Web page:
Kids may not always recognize bullying. Some kids also may be too ashamed to talk to their families about it. That’s why it’s important to talk about online and digital behavior before kids start interacting with others online or on their devices.
To prepare kids for going online or getting a cell phone, or, if you know they have been bullied online, offer these steps they can take immediately:
Sign off the computer. Ignore the attacks and walk away from the cyberbully.
Don’t respond or retaliate. If you’re angry or hurt, you might say things you’ll regret later. Cyberbullies often want to get a reaction out of you, so don’t let them know their plans have worked.
Block the person who is bullying. If you get mean messages through IM or a social-networking site, take the person off your buddy or friends list. You also can delete messages from bullies without reading them.
Save and print out bullying messages. If the harassment continues, save the evidence. This could be important proof to show parents or teachers if the bullying doesn’t stop.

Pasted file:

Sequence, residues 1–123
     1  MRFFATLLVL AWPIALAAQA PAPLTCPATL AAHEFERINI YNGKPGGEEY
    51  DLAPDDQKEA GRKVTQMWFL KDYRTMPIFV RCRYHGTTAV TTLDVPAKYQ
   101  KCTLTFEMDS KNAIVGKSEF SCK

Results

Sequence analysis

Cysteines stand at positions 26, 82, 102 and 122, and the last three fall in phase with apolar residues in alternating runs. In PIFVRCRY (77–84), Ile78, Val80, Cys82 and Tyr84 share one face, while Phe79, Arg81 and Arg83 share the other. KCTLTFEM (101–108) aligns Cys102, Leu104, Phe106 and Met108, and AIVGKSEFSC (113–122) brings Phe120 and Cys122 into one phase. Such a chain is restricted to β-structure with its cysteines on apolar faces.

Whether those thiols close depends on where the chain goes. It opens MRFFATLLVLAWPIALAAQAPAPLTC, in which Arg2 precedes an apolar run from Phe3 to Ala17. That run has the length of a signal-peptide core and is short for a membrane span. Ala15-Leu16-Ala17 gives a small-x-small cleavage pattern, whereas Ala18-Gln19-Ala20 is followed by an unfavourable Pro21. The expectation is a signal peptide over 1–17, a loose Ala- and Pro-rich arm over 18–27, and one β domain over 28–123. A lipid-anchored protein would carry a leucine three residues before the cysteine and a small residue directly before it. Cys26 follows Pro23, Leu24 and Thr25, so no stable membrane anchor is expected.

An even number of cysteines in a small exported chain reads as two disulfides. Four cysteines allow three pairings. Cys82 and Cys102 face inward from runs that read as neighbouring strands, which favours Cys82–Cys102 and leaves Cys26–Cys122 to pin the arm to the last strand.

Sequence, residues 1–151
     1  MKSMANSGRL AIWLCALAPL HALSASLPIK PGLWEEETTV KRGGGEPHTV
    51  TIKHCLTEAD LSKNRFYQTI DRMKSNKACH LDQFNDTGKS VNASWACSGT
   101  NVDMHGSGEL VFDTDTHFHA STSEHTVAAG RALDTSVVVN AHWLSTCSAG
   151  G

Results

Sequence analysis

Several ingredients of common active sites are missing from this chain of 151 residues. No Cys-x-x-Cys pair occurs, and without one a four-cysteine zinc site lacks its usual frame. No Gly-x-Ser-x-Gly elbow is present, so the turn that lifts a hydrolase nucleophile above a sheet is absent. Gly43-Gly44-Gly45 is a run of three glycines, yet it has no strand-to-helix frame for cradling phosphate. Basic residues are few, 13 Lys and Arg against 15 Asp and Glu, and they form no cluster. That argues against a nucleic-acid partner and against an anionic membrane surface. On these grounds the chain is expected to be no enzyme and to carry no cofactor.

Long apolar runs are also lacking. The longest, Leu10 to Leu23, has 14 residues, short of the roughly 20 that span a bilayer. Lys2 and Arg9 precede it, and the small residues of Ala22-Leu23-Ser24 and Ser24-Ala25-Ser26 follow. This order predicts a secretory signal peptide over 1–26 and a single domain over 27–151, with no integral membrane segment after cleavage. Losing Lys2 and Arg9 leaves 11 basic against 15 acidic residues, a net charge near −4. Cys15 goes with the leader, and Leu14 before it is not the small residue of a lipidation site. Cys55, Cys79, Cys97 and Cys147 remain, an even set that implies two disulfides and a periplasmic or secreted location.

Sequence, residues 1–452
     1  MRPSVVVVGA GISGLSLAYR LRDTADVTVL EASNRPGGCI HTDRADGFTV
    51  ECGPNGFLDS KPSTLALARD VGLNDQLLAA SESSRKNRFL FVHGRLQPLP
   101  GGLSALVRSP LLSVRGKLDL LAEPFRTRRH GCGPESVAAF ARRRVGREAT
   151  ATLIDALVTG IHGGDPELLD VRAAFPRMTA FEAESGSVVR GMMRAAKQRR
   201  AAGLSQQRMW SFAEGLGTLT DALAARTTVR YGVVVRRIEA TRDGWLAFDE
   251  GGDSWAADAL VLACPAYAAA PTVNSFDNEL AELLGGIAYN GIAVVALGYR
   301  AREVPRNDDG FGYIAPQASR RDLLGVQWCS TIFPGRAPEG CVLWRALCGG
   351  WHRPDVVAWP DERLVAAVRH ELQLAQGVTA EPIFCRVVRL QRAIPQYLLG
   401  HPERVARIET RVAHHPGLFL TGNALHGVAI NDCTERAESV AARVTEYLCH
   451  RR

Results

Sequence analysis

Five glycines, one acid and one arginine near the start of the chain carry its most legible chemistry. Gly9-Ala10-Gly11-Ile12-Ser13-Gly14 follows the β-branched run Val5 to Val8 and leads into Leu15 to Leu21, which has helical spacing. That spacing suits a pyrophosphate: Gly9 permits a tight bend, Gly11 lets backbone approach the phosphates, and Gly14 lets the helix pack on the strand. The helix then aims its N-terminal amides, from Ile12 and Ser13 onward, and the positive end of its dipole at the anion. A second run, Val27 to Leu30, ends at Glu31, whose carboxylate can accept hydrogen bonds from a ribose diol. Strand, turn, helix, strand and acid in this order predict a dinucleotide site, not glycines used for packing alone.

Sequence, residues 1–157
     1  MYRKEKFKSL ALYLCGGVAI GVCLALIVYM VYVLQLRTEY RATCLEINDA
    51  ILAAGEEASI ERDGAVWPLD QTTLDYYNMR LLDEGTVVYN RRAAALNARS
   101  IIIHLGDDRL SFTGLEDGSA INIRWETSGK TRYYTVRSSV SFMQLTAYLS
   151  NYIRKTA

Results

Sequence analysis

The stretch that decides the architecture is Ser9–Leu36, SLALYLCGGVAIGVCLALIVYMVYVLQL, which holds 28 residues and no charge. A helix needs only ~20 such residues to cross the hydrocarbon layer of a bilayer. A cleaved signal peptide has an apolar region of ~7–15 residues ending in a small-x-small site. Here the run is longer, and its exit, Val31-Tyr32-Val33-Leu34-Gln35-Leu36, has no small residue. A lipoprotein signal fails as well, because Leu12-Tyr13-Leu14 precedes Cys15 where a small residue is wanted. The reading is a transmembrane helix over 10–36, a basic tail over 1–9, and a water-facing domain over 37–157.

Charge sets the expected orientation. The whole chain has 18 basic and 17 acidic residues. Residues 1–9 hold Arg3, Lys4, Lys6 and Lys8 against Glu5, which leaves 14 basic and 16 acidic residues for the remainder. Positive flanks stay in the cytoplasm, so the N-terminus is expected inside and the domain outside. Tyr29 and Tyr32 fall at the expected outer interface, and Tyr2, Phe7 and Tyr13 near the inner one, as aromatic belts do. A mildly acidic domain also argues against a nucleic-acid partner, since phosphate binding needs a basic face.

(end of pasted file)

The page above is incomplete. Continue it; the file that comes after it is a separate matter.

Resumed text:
Talk to a friend. When someone makes you feel bad, sometimes it can help to talk the situation over with a friend.
Tell a trusted adult. A trusted adult is someone you believe will listen and who has the skills, desire, and authority to help you. Telling an adult isn’t tattling — it’s standing up for yourself. And, even if the bullying occurs online, your school probably has rules against it.
what to teach kids about safe online behavior.